By the President of the United States of America
Black history is a book rich with the American experience but with many pages yet unexplored. A chapter once beautiful and tragic was brilliantly illuminated this very year with the first celebration of the birthday of Dr. Martin Luther King, Jr., as a national holiday. This new holiday symbolizes the trail he blazed for others and the struggle of many Americans for full and unfettered recognition of the constitutional rights of all Americans, regardless of race or color.
Black history in the United States has been a proving ground for America's ideals. A great test of these ideals came with the Civil War and the elimination of slavery. Another test came a century later, in the struggle for practical recognition of the rights already won in principle—the abolition of legalized segregation and second-class citizenship.
The foremost purpose of Black History Month is to make all Americans aware of this struggle for freedom and equal opportunity. It is also a time to celebrate the many achievements of blacks in every field, from science and the arts to politics and religion. It not only offers black Americans an occasion to explore their heritage, but it also offers all Americans an occasion and opportunity to gain a fuller perspective of the contributions of black Americans to our Nation. The American experience and character can never be fully grasped until the knowledge of black history assumes its rightful place in our schools and our scholarship.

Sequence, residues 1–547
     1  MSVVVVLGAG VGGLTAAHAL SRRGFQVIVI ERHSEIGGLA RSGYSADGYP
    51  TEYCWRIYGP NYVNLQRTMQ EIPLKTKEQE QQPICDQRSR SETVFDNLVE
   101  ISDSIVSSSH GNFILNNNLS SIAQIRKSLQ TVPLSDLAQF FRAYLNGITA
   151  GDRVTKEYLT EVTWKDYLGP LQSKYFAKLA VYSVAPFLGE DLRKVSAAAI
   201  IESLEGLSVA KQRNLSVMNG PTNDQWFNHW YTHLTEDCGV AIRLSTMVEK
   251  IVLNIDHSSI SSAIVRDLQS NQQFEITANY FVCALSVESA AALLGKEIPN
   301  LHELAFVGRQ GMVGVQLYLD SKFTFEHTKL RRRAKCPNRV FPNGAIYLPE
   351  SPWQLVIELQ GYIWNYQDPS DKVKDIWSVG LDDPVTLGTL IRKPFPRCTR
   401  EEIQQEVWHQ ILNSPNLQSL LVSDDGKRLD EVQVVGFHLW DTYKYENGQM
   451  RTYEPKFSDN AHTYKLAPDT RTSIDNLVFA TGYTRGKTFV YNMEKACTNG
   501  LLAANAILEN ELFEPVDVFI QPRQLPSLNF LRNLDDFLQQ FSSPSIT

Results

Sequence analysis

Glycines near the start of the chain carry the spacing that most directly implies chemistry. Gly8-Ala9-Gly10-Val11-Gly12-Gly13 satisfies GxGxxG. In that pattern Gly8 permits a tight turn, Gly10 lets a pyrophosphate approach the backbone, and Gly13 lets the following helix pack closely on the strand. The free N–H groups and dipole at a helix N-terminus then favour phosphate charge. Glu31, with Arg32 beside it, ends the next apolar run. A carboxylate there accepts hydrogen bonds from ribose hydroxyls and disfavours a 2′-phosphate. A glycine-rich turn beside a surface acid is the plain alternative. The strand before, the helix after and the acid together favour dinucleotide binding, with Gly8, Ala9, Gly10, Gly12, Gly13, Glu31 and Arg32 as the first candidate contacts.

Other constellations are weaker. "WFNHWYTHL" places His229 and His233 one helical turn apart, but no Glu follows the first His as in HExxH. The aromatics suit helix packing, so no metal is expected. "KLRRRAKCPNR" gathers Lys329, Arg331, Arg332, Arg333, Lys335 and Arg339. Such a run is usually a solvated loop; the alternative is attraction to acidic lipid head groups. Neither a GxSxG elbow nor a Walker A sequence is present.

The Congress, by Senate Joint Resolution 74, has designated the month of February 1986 as "National Black (Afro-American) History Month" and has authorized and requested the President to issue a proclamation in observance of this month.
Now, Therefore, I, Ronald Reagan, President of the United States of America, do hereby proclaim February 1986 as National Black (Afro-American) History Month. I invite the Governors of the several States, and our schools, colleges, universities, and libraries, the stewards of our national consciousness, and all Americans to observe this month with appropriate activities to heighten awareness of black history and to stimulate continuing inquiry into this rich vein of the American experience.
In Witness Whereof, I have hereunto set my hand this twenty-fourth day of February, in the year of our Lord nineteen hundred and eighty-six, and of the Independence of the United States of America the two hundred and tenth.
[Filed with the Office of the Federal Register, 10:57 a. m., February 25, 1986]